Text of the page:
August 15, 2013
Opportunity To Investigate Mars’ Ancient Past At Solander Point
Lawrence LeBlond for redOrbit.com - Your Universe Online
NASA’s Opportunity rover has been plugging away on the Red Planet now for more than nine years and has survived several Martian winters. The rover is now studying a rocky layer on the edge of “Solander Point” that shows signs of an acidic wet past and a much older neutral wet environment.Solander Point was picked as a target for Opportunity months ago as it was wrapping up work at “Cape York” and preparing for the coming winter season. NASA put Opportunity on a track toward Solander Point and began the long 1.5-mile trek to the new region in May. After nearly three months of travel, Opportunity has finally reached the target.
"We made it," said Opportunity's project scientist, Matt Golombek of NASA's Jet Propulsion Laboratory, Pasadena, California. "The drives went well, and Opportunity is right next to Solander Point. We know we could be on that north-facing slope with a one-day drive, but we don't need to go there yet.”
Now that the rover has arrived at its next target, it will be studying more about Mars’ past before moving into a more efficient position for coming southern hemisphere winter. This is a key move for Opportunity to give it a boost in power from the northern slope with its solar panels being tilted toward the winter sun.
“We have time to investigate the contact between the two geological units around the base of Solander Point. Geologists love contacts," added Golombek.
Solander Point contains a geological contact line that records a change in the environment billions of years ago. Both Cape York and the Solander Point are raised segments of the western rim of Endeavour Crater, which is nearly 14 miles in diameter. Between these raised segments the ground surface is part of a geological unit called the Burns Formation, which includes nearly all the rocks Opportunity has studied since its landing in Eagle Crater to its arrival at Cape York two years ago. The Burns Formation contains sulfate-bearing minerals that provide evidence of an ancient environment of sulfuric acid.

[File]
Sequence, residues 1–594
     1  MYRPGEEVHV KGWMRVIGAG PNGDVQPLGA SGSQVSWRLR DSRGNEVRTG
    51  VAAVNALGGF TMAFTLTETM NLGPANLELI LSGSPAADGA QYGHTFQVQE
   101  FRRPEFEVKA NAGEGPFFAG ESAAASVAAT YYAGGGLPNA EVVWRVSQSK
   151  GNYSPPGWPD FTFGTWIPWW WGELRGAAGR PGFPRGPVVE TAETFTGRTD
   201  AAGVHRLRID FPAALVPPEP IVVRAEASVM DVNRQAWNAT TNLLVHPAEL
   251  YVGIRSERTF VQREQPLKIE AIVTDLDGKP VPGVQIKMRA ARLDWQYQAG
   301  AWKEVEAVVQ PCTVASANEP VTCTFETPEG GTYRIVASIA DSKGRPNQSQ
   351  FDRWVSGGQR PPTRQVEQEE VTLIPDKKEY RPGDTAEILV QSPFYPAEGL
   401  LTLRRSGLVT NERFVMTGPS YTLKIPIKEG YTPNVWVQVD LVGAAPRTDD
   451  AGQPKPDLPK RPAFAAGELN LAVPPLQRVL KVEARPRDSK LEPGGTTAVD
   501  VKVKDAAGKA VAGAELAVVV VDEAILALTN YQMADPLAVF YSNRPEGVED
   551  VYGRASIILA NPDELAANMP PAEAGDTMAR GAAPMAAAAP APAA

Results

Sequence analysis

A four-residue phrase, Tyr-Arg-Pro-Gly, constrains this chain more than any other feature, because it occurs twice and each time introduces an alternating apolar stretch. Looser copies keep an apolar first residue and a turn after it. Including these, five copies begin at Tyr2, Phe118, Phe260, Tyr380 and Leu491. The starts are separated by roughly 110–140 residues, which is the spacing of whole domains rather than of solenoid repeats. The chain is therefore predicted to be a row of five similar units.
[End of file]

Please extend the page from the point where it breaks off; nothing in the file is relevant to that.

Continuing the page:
This area where Opportunity is now studying is the boundary between the Burns Formation rocks and a much older layer of rocks uplifted from the impact that created Endeavour Crater. Based on observations by Mars orbiters and from Opportunity’s investigations at Cape York, it is suspected that these older rocks contain evidence of minerals formed under wetter, less-acidic conditions.
The Opportunity team plans to continue investigations at this area for a few months before commanding the rover onto the north-facing slope by December, where it will bask in the winter sun. Sunshine will continually diminish until it reaches a winter minimum in February. While Opportunity remains on the northern slope through winter, it will stay mobile, studying rocky outcrops in the vicinity, according to the team.
While Opportunity has been going strong for nearly 10 years its companion rover, Spirit, ceased operations in 2010. Both rovers successfully completed their three-month prime directives in April 2004 and then began years of extended missions. Both rovers had found evidence of a watery past on Mars. Opportunity does show signs that it is aging, losing some motion in its mechanical joints, but it has continued to function properly and looks like it may continue to do so for the foreseeable future.